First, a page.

Age hasn't been a barrier for young vegetable grower of the year Austin Singh Purewal.
Horticulture NZ chair Julian Raine says leafy green crops need good soil and a frost-free climate, without which NZ may have to start importing such vegetables.
He says housing’s competing for land means Kiwis must think more about where we build houses and grow food; the two must get on together.
“We need to work out what the design of our cities should be to allow for food production and housing. The reason cities are where they are goes back in history: people could grow food where they lived, a key thing we have kind-of forgotten,” Raine told Rural News.
“Urban sprawl out into the productive area around a town makes it a problem for future populations, so we are raising it with MPI, the government and councils.”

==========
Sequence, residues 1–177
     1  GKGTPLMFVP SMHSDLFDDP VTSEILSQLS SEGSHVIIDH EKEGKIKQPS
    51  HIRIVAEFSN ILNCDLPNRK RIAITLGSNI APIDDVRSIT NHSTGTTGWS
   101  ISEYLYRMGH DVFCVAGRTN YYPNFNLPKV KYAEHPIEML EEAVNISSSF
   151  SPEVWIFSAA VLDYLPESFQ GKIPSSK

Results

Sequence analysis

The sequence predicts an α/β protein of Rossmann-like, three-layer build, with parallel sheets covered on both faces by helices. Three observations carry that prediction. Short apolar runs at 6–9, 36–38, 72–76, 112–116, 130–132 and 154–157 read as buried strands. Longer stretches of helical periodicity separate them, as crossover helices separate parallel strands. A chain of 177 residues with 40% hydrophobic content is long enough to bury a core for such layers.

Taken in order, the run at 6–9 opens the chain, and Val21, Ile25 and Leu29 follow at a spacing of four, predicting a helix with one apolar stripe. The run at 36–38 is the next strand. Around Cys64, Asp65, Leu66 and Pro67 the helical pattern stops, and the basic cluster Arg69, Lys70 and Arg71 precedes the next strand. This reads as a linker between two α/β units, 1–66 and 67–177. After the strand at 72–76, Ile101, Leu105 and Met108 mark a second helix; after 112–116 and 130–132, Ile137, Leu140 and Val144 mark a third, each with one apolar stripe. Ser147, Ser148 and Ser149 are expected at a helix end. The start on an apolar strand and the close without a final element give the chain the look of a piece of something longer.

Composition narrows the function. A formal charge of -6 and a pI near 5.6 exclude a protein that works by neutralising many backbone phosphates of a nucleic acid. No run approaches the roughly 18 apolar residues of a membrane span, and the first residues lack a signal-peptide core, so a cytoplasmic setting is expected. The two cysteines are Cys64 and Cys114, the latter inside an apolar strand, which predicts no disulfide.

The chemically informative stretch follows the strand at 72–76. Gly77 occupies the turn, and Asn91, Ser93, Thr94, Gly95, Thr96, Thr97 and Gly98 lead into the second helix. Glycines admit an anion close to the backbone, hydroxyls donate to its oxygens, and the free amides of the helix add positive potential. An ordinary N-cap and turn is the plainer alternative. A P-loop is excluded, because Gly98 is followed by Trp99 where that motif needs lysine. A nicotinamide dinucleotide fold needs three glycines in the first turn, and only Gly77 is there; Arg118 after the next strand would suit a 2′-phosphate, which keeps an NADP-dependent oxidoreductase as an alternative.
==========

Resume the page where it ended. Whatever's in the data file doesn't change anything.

More houses built on high-quality, productive soils mean less land for food production, he says.
NZ in total uses 120,000ha for horticulture – no more than 1% of the land mass, “less than one eighth of the Canterbury Plains”.
“All our apples, kiwifruit, other fruit and vegetables are grown on a very small area. Constantly putting concrete and tarseal on these areas will force us to import produce and grow less and the consumer will face higher prices.”
Raine notes that prices this season for vegetables have been higher because of the wet. Crop yields are down so prices have risen.
Consumers want high quality, healthy, affordable fruit and vegetables, but they won’t get them unless the issue of land use is resolved.
Horticulture foresees a bright export future, Raine says.
“We are exporting large volumes of apples and kiwifruit: apples are heading for a billion dollar industry and kiwifruit four billion. Then we have cherries, avocados, onions, squash and potatoes becoming more important in value and volume.”